In my review of 999: Nine Persons, Nine Hours, Nine Doors, I mentioned that Chunsoft had announced a sequel to the game. The name of the new game is Kyokugen Dasshutsu Adv: Zennin Shibō Desu, roughly translated as Extreme Escape Adventure: Good People Die. As discovered yesterday in an upcoming issue of Nintendo Power, Aksys would announce it was once again handling the North American localization. A concrete release date was not mentioned, but it was stated that Aksys was preparing for a release by the end of 2012. It’s important to note that the title of the game will likely change as 999 was known as Extreme Escape in Japan.
It was revealed in the article that the new game would feature stereoscopic 3D and full voice acting. In addition, the scope of the game is much larger, including a total of twenty-four endings compared to 999’s six. The game’s plot will revolve around a new type of nonary game, the classical prisoner’s dilemma.
The basics of the prisoner’s dilemma are thus: Two people are arrested, but the police have no concrete evidence against either. To remedy this, they present a bargain: if Person A stays silent and his partner stays silent, they both receive one month of jail time. However, if Person A rats out Person B while the latter remains silent, the rat goes free and the other gets a year of jail time. In the event that both betray each other, they each get a three-month sentence. Although it seems it’s in both of their best interests to stay silent, the odds are against them if they do. By staying silent, a person has a 50% chance of receiving a sentence of one month or one year based on the actions of their partner. However, if they choose to betray, they either get three months or go free. The options are better when one betrays, so the prisoner’s dilemma usually results in a lot of betrayal.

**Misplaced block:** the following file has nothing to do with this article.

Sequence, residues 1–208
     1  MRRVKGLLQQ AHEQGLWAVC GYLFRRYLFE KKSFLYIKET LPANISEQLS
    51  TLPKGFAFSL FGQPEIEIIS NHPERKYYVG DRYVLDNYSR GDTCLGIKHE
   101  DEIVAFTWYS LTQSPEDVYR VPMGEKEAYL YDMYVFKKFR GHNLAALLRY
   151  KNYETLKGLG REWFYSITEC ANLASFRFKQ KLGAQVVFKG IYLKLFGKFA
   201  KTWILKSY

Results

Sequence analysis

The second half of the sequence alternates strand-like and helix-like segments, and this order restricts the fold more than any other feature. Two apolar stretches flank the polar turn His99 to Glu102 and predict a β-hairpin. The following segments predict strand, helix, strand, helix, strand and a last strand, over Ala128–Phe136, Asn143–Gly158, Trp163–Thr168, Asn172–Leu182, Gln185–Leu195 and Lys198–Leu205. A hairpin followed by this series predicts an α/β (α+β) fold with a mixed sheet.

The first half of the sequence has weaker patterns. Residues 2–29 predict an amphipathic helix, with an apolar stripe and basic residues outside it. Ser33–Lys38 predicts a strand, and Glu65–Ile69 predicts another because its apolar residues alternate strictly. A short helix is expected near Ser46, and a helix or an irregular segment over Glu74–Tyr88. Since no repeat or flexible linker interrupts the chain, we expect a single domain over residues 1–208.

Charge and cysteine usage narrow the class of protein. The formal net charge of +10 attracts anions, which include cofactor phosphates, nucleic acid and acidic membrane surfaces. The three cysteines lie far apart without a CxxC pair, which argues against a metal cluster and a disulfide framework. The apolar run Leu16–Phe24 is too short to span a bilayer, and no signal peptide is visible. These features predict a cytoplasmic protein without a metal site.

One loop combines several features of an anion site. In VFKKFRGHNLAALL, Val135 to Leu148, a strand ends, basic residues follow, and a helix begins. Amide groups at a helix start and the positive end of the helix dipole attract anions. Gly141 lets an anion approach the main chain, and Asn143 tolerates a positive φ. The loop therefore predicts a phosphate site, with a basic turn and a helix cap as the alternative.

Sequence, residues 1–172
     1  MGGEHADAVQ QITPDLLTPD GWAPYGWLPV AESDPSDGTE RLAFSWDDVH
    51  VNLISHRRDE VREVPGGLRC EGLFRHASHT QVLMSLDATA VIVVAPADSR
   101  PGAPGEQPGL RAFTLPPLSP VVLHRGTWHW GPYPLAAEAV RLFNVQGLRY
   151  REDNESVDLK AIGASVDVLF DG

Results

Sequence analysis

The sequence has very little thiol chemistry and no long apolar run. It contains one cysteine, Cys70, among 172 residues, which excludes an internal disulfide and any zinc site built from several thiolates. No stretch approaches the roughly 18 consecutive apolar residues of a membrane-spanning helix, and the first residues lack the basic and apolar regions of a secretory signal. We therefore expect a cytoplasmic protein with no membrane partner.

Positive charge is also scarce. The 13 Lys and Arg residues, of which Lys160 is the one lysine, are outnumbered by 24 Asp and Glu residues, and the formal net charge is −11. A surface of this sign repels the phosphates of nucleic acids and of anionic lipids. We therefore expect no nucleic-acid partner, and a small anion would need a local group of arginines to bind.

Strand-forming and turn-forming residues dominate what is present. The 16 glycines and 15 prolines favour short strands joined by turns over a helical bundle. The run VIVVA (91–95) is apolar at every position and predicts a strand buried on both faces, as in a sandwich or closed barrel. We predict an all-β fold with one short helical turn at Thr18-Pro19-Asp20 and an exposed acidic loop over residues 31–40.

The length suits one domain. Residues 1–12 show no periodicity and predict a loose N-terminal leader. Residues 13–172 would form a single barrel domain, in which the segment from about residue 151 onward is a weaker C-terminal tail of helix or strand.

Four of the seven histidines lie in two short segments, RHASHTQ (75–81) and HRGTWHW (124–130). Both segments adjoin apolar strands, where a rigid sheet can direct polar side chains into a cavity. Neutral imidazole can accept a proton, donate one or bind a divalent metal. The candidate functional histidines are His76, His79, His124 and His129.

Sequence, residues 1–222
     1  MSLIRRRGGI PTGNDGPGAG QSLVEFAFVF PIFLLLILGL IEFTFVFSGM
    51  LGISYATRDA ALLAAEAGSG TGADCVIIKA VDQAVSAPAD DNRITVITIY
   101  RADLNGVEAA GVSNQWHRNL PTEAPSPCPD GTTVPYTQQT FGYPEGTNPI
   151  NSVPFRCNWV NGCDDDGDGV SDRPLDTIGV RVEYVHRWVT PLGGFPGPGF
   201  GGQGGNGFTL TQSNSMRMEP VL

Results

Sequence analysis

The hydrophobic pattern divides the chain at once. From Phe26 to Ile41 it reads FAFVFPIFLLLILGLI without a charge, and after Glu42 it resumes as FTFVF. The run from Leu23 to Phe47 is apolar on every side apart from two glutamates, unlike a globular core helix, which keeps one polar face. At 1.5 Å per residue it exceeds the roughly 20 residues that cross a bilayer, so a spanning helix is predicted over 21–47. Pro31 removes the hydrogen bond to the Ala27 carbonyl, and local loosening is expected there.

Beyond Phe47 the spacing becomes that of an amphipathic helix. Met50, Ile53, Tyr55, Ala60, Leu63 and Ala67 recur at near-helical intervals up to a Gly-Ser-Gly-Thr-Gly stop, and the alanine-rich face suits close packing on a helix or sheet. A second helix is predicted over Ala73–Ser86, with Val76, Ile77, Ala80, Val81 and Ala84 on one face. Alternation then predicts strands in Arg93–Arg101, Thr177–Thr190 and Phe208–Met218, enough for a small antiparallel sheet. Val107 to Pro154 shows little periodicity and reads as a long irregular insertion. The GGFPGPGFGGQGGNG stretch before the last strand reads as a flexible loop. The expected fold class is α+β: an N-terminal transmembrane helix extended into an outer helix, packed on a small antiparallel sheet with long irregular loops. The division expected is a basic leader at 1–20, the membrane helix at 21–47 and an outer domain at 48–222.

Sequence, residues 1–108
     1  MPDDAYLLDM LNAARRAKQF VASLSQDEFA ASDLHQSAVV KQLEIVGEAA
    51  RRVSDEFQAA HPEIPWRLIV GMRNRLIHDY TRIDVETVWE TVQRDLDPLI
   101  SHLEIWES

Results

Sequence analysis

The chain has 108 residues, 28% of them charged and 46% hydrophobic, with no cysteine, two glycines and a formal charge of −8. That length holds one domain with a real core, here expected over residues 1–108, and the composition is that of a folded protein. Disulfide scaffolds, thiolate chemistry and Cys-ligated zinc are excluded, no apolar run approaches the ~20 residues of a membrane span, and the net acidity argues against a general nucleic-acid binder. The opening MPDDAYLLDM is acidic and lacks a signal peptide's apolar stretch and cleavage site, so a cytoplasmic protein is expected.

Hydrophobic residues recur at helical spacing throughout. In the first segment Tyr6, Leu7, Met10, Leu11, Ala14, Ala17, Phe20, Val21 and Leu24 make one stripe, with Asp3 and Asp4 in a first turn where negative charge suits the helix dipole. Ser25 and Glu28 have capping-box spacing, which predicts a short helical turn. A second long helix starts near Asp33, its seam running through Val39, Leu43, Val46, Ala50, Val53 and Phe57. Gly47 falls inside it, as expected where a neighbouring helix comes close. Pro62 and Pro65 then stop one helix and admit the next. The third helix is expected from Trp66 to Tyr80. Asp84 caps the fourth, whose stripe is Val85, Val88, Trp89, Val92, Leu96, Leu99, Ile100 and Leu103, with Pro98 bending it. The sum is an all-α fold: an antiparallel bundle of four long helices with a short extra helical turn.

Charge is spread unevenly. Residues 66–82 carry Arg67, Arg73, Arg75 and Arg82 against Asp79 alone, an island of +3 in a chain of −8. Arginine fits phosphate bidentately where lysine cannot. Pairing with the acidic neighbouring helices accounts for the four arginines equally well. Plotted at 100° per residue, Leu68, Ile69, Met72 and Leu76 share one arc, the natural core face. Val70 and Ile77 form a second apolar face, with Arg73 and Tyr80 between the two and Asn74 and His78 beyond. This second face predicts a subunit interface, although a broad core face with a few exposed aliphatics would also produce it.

The new nonary game in this title works on a similar concept: points are awarded for cooperating, but one can gain extra points by betraying their partner; however, these extra points are actually taken from their partner. In order to escape, one must collect a total of nine points, but falling below a certain point threshold could result in death. Based on the title and past experience with 999, this is a very likely scenario. The game was released in Japan for both the 3DS and the Vita. Whether the localization will also be for both systems remains to be seen.
Analysis: Personally, I’m exceptionally excited for this release. We gave 999 an A on this site, which means the game is near-perfect. This was a game whose story was so compelling and intricately woven that I felt it truly deserved the grade. The music, plot, and puzzles were fantastic, not to mention that the game provides a good reason for playing through all six endings. We weren’t the only ones to feel this way, either: the game received very high scores across many sites. It actually did so well that the initial printing actually sold out, so Aksys had to have another run of the game printed. Visual novels generally don’t perform well in the U.S., but 999 has shown that they can be viable if done properly. It also proved that a truly mature title can have success on the DS, and by extension, the 3DS.
Everyone who has played 999 has great hopes for Good People Die. Chunsoft did a fantastic job on the first game and that same staff is making this one. Here’s hoping the new game is just as good and just as well-received. Aksys really took a heavy risk spending the time to localize such a text-heavy visual novel adventure game on the off chance that it might turn a profit. It did, so if we’re lucky, we might see similar games in the future.